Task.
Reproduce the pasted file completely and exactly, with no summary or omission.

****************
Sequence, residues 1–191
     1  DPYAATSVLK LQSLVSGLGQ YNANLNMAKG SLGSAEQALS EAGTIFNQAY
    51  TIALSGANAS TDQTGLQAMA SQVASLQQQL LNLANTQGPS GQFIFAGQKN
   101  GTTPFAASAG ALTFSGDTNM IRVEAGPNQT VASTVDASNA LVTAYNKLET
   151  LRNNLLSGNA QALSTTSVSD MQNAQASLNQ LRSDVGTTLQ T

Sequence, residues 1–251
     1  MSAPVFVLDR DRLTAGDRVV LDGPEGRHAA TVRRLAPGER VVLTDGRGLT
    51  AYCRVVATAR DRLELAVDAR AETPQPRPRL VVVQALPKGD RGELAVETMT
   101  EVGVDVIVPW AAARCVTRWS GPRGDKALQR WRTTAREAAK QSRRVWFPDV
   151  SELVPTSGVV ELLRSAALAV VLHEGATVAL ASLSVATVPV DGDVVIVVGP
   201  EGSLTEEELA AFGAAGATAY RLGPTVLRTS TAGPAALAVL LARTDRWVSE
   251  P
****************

Sequence, residues 1–191
     1  DPYAATSVLK LQSLVSGLGQ YNANLNMAKG SLGSAEQALS EAGTIFNQAY
    51  TIALSGANAS TDQTGLQAMA SQVASLQQQL LNLANTQGPS GQFIFAGQKN
   101  GTTPFAASAG ALTFSGDTNM IRVEAGPNQT VASTVDASNA LVTAYNKLET
   151  LRNNLLSGNA QALSTTSVSD MQNAQASLNQ LRSDVGTTLQ T

Sequence, residues 1–251
     1  MSAPVFVLDR DRLTAGDRVV LDGPEGRHAA TVRRLAPGER VVLTDGRGLT
    51  AYCRVVATAR DRLELAVDAR AETPQPRPRL VVVQALPKGD RGELAVETMT
   101  EVGVDVIVPW AAARCVTRWS GPRGDKALQR WRTTAREAAK QSRRVWFPDV
   151  SELVPTSGVV ELLRSAALAV VLHEGATVAL ASLSVATVPV DGDVVIVVGP
   201  EGSLTEEELA AFGAAGATAY RLGPTVLRTS TAGPAALAVL LARTDRWVSE
   251  P